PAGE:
Breastfeeding might be difficult for some moms who wish to return to work, are unable to make enough milk for the infant’s needs, or have another reason to bottle-feed a child.
If you’re breastfeeding, formula-feeding, or combining the two, you’ll almost certainly use a bottle with your baby at some point. Here’s everything that you need to know about pleasantly and adequately bottle-feeding a baby.
Choosing The Right Bottle For Feeding
Selecting the ideal bottle for feeding the baby is necessary. There are different types of bottles that you can choose to bottle provide your child. Parents often make mistakes by choosing the bottle by its look and design.
When the child is newly born, it is advised to use slow flow bottles for feeding, whereas once the baby is 2-3 months old, you can use custom flow bottles.
The perfect feeding bottles you can buy for your baby are the ones that are free from BPA (bisphenol-A) and EA (oestrogen activity). Whatever bottle you choose for your child, make sure to sterilize it every time before using.
How to prepare a baby bottle?
Most babies have no problem learning to sip from the nipple of a baby bottle, especially if bottles are used from the start. There are several advantages to giving bottles early on and the fact that it is pretty simple to learn.
For beginners, it’s handy. Your partner or other carers will be able to feed the child, giving you the opportunity to relax.
The perfect formula for bottle-feeding
There are three types of baby formula: ready-to-feed, concentrate, and powder.
Because of the small but actual danger of cronobacter, a bacterium that may survive in powdered baby formula, the Centers for Disease Control and Prevention (CDC) recommends that newborns under three months begin with ready-to-feed formula.
Sterilizing bottle before every use
It is necessary to sterilize the bottle before using it to keep any bacteria and germs away from the child. Following are few methods of Sterilizing bottles:
- Boiling: It requires boiling the bottle in water for 10 minutes. It is one of the oldest methods of sterilizing.
- Sterilizer or Microwave: Bottles can also be sterilized using the microwave or special sterilizer designed for this work. The bottles should face downwards when placed under the sterilizer.
- Sterilizing liquid: There are numerous sterilizing solutions available in the shops. You can buy them easily and use them as per the given instructions on the product package.
Checking the Nipple
Keep an eye on how your baby sounds and looks as it sips throughout the meal. The outflow of the bottle nipple is too fast if your infant produces gulping and spitting sounds during feedings and milk dribbles out of the corners of the mouth.
If the child appears to be sucking extremely hard and is dissatisfied, the flow may be too sluggish. If that’s the case, try loosening the cap a little.
Ideal Bottle-feeding posture for babies
Knowing how to bottle-feed a baby correctly begins with how you handle your infant during the process.
You’ve probably seen a lot of photographs of parents bottle-feeding their infants, but the postures you see in pictures or on Televisions aren’t always the healthiest for the baby. Hence, to guide you, we have listed some ideal positions for feeding the baby.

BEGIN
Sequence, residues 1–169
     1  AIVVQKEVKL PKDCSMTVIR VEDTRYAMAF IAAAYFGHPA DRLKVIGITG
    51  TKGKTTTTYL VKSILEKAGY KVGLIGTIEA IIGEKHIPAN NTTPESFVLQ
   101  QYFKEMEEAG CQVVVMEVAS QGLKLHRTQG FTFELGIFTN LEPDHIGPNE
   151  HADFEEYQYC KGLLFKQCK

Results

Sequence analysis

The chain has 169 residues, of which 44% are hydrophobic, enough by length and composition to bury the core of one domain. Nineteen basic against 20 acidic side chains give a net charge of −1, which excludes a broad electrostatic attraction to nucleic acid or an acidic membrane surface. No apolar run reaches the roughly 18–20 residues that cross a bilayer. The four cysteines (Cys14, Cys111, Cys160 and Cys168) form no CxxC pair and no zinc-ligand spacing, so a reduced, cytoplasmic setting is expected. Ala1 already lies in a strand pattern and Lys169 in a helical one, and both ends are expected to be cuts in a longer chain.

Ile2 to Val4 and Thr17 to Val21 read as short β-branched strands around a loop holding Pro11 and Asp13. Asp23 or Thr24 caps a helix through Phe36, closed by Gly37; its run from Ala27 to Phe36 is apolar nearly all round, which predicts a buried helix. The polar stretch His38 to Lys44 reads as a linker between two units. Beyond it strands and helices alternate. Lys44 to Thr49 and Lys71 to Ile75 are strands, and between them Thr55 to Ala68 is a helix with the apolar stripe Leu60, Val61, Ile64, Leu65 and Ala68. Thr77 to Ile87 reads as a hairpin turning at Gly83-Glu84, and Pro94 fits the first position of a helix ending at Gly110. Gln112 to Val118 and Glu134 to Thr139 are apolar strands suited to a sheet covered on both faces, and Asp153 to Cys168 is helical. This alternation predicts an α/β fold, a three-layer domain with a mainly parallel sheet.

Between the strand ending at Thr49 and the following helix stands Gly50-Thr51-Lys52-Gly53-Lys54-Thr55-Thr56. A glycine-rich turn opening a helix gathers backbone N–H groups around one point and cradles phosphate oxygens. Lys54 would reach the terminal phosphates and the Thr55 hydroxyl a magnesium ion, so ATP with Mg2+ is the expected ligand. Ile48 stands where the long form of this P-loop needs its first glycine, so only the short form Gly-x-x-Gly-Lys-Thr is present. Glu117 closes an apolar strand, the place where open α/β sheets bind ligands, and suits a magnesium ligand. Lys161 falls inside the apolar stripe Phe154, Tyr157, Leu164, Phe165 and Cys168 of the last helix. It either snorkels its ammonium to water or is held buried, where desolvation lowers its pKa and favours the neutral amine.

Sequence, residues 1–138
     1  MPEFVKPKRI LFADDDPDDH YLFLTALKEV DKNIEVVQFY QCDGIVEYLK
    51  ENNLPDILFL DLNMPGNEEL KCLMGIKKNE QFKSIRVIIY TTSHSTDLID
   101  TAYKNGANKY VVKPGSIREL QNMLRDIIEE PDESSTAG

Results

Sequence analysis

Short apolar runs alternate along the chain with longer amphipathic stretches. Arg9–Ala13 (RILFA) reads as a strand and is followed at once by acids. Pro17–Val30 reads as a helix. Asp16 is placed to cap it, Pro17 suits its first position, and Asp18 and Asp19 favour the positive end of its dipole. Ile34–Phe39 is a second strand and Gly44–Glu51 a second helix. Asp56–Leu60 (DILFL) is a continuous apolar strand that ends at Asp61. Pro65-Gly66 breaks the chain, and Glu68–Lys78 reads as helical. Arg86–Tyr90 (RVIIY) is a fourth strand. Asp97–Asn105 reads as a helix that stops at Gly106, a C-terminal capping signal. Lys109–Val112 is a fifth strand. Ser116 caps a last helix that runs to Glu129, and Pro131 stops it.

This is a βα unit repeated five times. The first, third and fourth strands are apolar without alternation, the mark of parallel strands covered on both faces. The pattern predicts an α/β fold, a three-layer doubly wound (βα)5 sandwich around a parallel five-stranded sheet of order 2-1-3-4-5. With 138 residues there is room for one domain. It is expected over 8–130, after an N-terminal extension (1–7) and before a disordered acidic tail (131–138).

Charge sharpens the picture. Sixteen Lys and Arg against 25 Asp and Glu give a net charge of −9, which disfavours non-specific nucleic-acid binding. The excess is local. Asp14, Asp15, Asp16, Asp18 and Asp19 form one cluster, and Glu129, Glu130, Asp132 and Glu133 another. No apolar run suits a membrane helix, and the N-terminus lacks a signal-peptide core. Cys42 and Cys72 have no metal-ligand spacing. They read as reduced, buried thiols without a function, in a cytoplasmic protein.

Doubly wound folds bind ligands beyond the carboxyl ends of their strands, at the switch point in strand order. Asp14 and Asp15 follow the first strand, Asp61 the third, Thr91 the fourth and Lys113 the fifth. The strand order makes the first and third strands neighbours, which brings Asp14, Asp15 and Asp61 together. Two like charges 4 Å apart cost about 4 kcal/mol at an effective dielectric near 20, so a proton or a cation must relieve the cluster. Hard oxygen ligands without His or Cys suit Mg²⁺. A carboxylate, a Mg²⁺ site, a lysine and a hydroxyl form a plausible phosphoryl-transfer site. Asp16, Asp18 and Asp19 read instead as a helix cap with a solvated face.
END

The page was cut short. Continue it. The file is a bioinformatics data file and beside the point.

- Use pillows: A breastfeeding cushion might help prop up the baby’s chest and head at an angle. As you embrace the baby in your lap, it might also offer your arms a rest.
- Maintain the baby’s upright posture: The child should be fully sitting, with his head on your breast or in the curve of your arm, rather than laying down.
- Hold the bottle so that the milk entirely fills the nipple; if the nipple is only halfway full of milk, the baby may suck some air, causing gassiness or rashes.
- Cuddle the infants: When you think about feeding a bottle to a baby, you usually picture yourself in this posture. Baby’s headrests in the curve of your arm while you hold the child’s head.
- Switch positions: Switching your infant from one side to the other, if you’re entirely breastfeeding or bottle-feeding, can help to prevent your child from establishing a side bias and give your arms a respite.
- Switching sides can also help to organically pace a feeding session by allowing the baby to decide whether he’s complete before the bottle is done.
What is the appropriate amount of milk that baby should drink?
Slowly introduce your infant to bottle-feeding. Your infant will typically take 1 to 3 ounces at each meal for the first week or two (every three to four hours).
Gradually increase the ounces, feeding more as your baby’s need grows, but never force them to drink more than the needful.
As per the thumb rule, the total number of ounces to feed your infant over the course of 24 hours is calculated by multiplying your baby’s weight by 2.5.
For more detailed information regarding the volume of milk for babies, you can consult your doctor or dietician.
When Should You Stop Giving Your Baby Bottles?
Because tooth decay is a problem experienced by many babies, the American Academy of Pediatrics advises that parents quit giving bottles to their children by 18 months.
Still, it’s a good idea to see your physician about when your child should stop the bottle around the 9-month stage.
Some infants don’t mind putting up the bottle straight away, while others may need more time. Involving your doctor or maternity consultant may help you in ensuring you’re on the correct path.
Whether you’re nursing with the occasional bottle, combination feeding, or solely bottle-feeding, you’re bound to face some roadblocks along the way. However, there are solutions to any difficulties that emerge.
If you’re looking for the best baby bottle for your child, need some tips on how to bottle-feed a baby in the ideal posture, or come across a full-blown bottle-feeding situation, you should consult the doctor right away!